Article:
A year later, there were some suggestions that Liverpool could seek to do something similar with Fábio Carvalho. Unlike Lavia, he is not an academy prospect, having been signed from Fulham last summer. But the Reds paid a relatively trifling fee, and would have banked a reasonable profit from any sale — with a buy-back acting as a potential insurance policy. Instead, though, Jürgen Klopp has stuck to his guns, with Carvalho instead heading out on loan to RB Leipzig.

The current situation regarding Lavia may well have served as a stark warning. Football Insider claimed last month Pep Guardiola’s side could even join the bidding, outbidding its own dormant buy-back clause and paying around $39m (£31m/€36m) more than what he was sold for last year.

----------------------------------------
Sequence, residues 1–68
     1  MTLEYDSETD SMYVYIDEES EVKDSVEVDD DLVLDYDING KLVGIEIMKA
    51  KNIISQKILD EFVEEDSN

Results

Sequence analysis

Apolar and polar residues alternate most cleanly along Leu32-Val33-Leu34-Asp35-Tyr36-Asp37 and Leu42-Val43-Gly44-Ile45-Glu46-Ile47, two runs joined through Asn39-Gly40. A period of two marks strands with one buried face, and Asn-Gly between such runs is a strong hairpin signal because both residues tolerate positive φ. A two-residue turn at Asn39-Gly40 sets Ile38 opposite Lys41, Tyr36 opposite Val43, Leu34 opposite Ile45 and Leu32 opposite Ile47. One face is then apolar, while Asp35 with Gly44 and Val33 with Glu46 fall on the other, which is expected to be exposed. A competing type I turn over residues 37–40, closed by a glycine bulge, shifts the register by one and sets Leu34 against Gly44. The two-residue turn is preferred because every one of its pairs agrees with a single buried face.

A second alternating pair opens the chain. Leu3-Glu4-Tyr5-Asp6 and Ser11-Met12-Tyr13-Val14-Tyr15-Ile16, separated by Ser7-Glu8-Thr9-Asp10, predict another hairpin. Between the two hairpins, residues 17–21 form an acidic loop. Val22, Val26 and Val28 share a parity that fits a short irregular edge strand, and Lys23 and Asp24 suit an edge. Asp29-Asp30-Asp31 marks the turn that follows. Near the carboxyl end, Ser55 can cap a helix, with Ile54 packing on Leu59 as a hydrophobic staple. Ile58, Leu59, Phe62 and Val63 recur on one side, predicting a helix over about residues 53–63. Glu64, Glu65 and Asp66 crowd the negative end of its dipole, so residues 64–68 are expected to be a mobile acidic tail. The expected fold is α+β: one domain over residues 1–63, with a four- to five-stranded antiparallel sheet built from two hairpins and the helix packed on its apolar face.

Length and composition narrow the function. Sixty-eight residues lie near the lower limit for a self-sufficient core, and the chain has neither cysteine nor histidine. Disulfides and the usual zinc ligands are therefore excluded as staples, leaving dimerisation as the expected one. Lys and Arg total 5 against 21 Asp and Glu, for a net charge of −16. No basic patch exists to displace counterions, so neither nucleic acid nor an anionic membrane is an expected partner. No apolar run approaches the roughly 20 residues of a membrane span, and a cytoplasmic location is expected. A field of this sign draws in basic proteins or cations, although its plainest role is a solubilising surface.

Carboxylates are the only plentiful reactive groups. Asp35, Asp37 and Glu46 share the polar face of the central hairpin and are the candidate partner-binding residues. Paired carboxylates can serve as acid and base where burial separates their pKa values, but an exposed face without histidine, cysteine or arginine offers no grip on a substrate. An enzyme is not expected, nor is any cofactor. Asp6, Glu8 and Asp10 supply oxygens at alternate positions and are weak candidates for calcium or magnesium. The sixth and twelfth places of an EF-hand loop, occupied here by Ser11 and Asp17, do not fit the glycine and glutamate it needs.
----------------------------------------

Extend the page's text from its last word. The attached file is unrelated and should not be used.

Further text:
What looked at face value like a no-lose transfer plan has gone horribly wrong. Manchester City must either sign Lavia back on the open market, taking a major hit in the process, or else watch a rival snap up one of its brightest alumni. Moreover, even if the clause was active, that could not prevent other clubs matching the bid, and the player opting to move elsewhere.

Liverpool then looks to have made the right call on Carvalho. If, as Klopp hopes, the 20-year-old can prove his talent in Germany next season, the Reds will get him back for nothing before reaping the rewards. If the loan doesn’t go to plan, then a decision can be made on whether to sell.

The modern Manchester City may like to paint itself as a bastion of market efficiency, but this is one trick that Klopp should be very wary about copying.

An original version of this article was first published on June 7.